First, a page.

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In a case which will encourage employers which have problematic employees, the EAT in City and County of Swansea v Gayle has held that an employer has not breached the employee’s Article 8 rights by using evidence from covert surveillance …
In a case which will encourage employers which have problematic employees, the EAT in City and County of Swansea v Gayle has held that an employer has not breached the employee’s Article 8 rights by using evidence from covert surveillance to dismiss him.
In a case which probably turns on its facts but is nonetheless interesting, the employee was dismissed after the employer obtained covert video evidence showing him attending a sports centre on 5 occasions when he was being paid to be at work. The EAT noted that the video evidence was taken in a public place, of somebody in a public place (outside the sports centre), and held that people committing fraud can have no reasonable expectation that their conduct is entitled to privacy. The employee is meant to be working on the employer’s time at the employer’s business so he cannot expect that he should be able to keep from the employer what he was or was not doing.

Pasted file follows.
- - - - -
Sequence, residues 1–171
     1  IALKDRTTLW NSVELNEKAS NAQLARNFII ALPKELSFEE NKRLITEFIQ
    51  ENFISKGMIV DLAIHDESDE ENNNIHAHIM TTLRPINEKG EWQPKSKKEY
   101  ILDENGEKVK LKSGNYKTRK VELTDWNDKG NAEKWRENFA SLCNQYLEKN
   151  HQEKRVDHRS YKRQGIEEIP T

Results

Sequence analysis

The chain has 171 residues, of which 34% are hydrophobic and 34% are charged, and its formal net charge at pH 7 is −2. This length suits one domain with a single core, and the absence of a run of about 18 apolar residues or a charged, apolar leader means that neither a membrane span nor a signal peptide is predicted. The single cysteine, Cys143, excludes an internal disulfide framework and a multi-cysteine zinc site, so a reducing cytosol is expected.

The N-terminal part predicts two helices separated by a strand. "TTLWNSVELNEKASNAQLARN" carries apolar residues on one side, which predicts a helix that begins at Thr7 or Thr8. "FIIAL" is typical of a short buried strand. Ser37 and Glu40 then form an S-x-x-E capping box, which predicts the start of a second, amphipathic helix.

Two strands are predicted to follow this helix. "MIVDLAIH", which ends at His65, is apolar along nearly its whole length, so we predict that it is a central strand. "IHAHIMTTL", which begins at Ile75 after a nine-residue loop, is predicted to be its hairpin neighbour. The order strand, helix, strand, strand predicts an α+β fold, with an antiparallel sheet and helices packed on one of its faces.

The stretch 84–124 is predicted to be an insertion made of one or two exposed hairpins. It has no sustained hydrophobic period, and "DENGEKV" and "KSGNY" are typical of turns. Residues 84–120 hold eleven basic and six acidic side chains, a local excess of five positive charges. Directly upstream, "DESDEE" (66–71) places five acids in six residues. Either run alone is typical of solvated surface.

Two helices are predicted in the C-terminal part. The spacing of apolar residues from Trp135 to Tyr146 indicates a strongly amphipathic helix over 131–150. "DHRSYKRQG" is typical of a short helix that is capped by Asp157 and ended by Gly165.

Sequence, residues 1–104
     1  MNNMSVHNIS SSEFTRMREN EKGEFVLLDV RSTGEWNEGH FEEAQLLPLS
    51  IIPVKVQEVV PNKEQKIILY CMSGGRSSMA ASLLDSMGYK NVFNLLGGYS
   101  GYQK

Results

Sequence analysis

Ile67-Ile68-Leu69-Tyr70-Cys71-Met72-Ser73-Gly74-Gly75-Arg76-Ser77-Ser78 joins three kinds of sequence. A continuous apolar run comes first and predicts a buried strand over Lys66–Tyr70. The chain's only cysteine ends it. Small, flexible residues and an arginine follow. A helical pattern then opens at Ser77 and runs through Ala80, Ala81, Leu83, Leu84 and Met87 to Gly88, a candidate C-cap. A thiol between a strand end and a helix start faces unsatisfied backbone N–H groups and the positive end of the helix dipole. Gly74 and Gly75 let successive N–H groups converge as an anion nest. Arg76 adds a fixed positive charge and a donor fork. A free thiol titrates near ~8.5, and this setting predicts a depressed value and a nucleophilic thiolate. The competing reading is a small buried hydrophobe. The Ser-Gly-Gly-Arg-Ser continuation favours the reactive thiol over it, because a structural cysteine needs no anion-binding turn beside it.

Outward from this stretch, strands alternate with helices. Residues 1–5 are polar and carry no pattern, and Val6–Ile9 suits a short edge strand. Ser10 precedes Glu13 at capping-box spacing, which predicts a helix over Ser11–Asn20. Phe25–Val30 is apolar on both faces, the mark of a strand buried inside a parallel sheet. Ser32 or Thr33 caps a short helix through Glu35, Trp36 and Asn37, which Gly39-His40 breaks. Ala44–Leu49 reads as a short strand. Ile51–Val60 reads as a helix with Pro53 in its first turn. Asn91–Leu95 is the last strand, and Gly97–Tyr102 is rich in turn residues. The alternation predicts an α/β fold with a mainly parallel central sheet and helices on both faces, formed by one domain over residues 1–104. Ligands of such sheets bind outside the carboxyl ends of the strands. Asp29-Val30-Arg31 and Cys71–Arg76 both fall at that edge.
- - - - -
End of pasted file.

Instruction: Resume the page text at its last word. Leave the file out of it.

This legal update is provided for general information purposes only and should not be applied to specific circumstances without prior consultation with us.
For further details on any of the issues covered in this update please contact Gemma Ospedale, Partner in Employment on 020 7583 2222.
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